Islamic Invitation Turkey
       12 December 2017 - Tuesday - 23 Rabi al-Awwal 1439 | 12/12/2017 (15) 11/12/2017 (44) 10/12/2017 (46) 09/12/2017 (38) 08/12/2017 (38) Total: 131,665 content        Facebook Twitter Youtube

Leaked: Saudis have ‘plans for official ties with Israel’

15 November 2017 23:44

 

A Lebanese newspaper has published a secret undated letter from Saudi Foreign Minister Adel al-Jubeir to Crown Prince Mohammed bin Salman that puts forward a plan to normalize ties with Israel despite “risks” of a public backlash.

Lebanon’s al-Akhbar daily released the correspondence on Tuesday in the wake of reports that Riyadh and Tel Aviv are increasingly tilting toward one another in defiance of strong opposition among the Arabs to such rapprochement.

“I have the honor to submit to you the draft of the plan to establish relations between the kingdom and the State of Israel, based on the strategic partnership agreement with the United States of America, which was discussed with the secretary of state,” the letter reads.

Jubeir referred to Israel as a “state” while Saudi Arabia, along with other Arab League states, does not formally recognize the occupying entity.

It, however, warned that the establishment of ties with Israel involves a risk to Saudi Arabia “given the spiritual, historical, and religious status of the Palestinian issue” in public opinion.

“The Kingdom will not take this risk unless it feels the United States’ sincere approach to Iran, which is destabilizing the region,” it went on to say.

The letter also set out a number of conditions for the normalization of relations with Israel:

 Saudi seeks ‘military equivalence’

The letter says any Riyadh-Tel Aviv rapprochement needs “equivalence” between the two sides.

“At the military level, Israel is considered the only country with nuclear weapons in the Middle East…. accordingly, the kingdom must acquire this deterrent or seek to remove Israel’s,” it said.

‘Palestine refugees won’t be back’

The Saudis would contribute to the resolution of the Israeli-Palestinian conflict by proposing resettling Palestinian refugees in their host countries rather than returning to their homeland.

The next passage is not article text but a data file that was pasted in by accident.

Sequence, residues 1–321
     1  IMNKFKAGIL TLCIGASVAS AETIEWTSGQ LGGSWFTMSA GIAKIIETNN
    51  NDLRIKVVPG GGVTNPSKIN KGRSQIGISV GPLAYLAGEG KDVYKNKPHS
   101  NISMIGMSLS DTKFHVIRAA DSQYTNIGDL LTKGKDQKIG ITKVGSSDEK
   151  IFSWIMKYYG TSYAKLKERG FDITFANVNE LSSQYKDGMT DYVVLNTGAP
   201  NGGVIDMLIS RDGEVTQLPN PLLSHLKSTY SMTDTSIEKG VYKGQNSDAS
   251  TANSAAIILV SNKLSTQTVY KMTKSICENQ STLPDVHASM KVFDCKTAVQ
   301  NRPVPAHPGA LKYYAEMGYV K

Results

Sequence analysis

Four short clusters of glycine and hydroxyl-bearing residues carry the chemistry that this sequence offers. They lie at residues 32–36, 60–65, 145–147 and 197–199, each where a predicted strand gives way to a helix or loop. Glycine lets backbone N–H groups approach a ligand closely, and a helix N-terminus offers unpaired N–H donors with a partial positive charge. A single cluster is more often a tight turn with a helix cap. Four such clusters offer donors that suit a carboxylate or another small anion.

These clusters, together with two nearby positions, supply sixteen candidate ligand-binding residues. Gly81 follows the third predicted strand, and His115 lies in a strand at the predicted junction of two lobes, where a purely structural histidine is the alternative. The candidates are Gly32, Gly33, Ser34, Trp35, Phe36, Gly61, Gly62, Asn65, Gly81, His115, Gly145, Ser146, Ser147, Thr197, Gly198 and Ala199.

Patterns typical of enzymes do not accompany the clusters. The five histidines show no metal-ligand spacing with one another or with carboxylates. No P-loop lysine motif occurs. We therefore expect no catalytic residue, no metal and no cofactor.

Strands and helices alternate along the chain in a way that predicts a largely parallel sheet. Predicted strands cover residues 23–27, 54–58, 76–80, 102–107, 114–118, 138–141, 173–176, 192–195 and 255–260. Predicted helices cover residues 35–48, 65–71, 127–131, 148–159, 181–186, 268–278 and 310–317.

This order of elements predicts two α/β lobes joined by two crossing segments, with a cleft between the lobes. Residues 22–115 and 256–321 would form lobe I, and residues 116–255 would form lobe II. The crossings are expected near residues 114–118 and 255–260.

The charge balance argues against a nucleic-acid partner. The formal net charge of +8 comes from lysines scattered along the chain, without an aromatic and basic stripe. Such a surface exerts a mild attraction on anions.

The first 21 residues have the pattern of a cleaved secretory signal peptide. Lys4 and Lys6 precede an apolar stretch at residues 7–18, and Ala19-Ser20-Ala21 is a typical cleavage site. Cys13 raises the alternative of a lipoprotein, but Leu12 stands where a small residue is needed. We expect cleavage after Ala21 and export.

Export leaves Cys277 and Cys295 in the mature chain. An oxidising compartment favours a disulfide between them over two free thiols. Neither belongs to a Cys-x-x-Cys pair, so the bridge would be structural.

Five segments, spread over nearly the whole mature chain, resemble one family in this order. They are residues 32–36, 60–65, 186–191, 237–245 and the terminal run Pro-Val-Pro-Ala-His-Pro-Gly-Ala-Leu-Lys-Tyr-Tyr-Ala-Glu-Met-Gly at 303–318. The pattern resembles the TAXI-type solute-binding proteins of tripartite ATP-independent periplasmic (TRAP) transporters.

The kingdom would also propose for Jerusalem al-Quds to be placed under international control administered by the United Nations.

Iran ‘common Israel-Saudi target’

In the letter, Jubeir describes Iran as the “main threat” to the region, saying a resolution of Israel-Palestine conflict would help Riyadh and Tel Aviv to focus on the Islamic Republic.

When the conflict is settled, Jubeir writes, Saudi Arabia and Israel would pursue their “common goals” regarding Iran.

The two regimes, according to the letter, want tougher US and international sanctions against Iran over its missile program and human rights issues.

Among other goals are lobbying the six parties to the 2015 nuclear deal with Iran to ensure its strict implementation and capitalizing on Iran’s economic problems to increase pressure on the country.

The two sides are also concerned over Iran’s influential role in the Middle East, which the letter says should be confronted.

The letter was leaked amid numerous reports of behind-the-scene contacts between Riyadh and Tel Aviv.

In September, Israeli and Arab media reported that a Saudi prince had traveled to Israel and had held consultations with senior Israeli officials over “regional peace.”

A month later, an Israeli official, who was speaking on condition of anonymity, told AFP Arabic that Mohammed bin Salman had in fact been the prince who visited Israel in September.

An official source at the Saudi Foreign Ministry, however, dismissed the news about bin Salman’s trip.

Back in June, The Times cited unnamed Arab and American sources as saying that Tel Aviv and Riyadh were in clandestine talks to establish official economic ties for the first time since the entity was created.

Additionally, Israel’s Transportation and Intelligence Minister Yisrael Katz called on Saudi King Salman bin Abdulaziz Al Saud to invite Israeli Prime Minister Netanyahu to Riyadh to establish full diplomatic relations.

Scroll Up